• "I'm looking for an opportunity to take on more responsibility and grow my skills in [specific area]. I feel like I've reached a plateau in my current role, and this position seems like a great chance to take on new challenges."
  • Alignment with your goals: Express how this new opportunity aligns with your long-term career goals. For example:
    • "I'm particularly interested in [aspect of the new company or role] because it aligns well with my long-term goal of working in [industry] and specializing in [specific area]."
  • Work-life balance: If that's a factor, you can be honest (but professional) about wanting a better balance. You could say:
    • "While I appreciate my current role, I'm looking for a position that offers a better work-life balance. This opportunity seems like it would allow me to [maintain a healthy work-life balance]."

Here are some things to avoid:

  • Negativity: Don't badmouth your current employer or colleagues.
  • Focus on the new role: While it's okay to mention what excites you about the new position, keep the focus on why you're leaving your current job.


  • Tailor your answer to the specific role you're interviewing for.
  • Be honest, but frame your reasons in a positive light.
  • Use this as an opportunity to show the interviewer how your reasons for leaving align with why you'd be a great fit for their company.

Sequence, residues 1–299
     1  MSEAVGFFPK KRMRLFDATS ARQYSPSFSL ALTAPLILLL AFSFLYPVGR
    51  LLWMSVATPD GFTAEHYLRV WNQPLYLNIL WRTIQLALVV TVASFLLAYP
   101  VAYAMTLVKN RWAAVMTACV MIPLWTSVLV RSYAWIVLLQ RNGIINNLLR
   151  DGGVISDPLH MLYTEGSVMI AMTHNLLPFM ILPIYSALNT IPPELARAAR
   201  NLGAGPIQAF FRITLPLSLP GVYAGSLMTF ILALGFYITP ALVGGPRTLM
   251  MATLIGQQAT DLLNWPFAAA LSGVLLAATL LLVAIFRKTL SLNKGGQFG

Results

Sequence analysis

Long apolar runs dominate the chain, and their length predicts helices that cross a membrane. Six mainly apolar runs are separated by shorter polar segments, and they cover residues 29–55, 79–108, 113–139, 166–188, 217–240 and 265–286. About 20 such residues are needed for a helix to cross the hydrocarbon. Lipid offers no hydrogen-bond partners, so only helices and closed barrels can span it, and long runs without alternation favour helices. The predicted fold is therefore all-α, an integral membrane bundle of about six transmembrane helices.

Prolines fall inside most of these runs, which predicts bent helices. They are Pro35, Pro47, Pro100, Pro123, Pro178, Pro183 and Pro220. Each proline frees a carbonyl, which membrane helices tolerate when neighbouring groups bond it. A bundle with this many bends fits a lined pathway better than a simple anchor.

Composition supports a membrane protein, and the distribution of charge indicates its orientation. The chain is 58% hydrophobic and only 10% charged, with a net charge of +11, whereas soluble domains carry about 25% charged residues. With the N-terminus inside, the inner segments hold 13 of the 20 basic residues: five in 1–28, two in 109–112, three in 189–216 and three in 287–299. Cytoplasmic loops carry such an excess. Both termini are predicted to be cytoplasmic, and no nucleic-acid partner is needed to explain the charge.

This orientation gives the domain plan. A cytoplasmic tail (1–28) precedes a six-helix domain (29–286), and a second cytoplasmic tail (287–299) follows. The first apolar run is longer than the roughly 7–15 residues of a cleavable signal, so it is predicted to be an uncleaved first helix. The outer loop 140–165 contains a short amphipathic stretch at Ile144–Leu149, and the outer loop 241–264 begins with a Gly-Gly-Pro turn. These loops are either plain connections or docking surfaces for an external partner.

What's your salary expectation?

  • Never provide a salary expectation in the beginning
  • Never provide a number; Ranges are no good either

Best Answer: Well, compensation is important to me, I really want to look at the entire value of working at your company; What I get to do, who I get to do, the training opportunities, the career advancement opportunities, the benefits, the vacation, and all the other things that go along with working at your organization. I am excited to learn about those in the interviewing process and toward the end I would be able to give you a much better idea of what it is that I would expect in terms of my salary based on all other factors. At the moment, to give you any kind of estimate would be uneducated on my part. I look forward to investigating those areas and I look forward to starting the interview process

When asked about salary at the end of the process, answer as below:

I am absolutely certain your are going to make me a fair offer. Just extend your offer, let me look at it, then I'll have a much better understanding of what the whole package looks like. And I'll very quickly give you feedback if not instantly, certainly within a day. Just give me a chance to think about it, and assemble my thoughts, and I'll come back to you.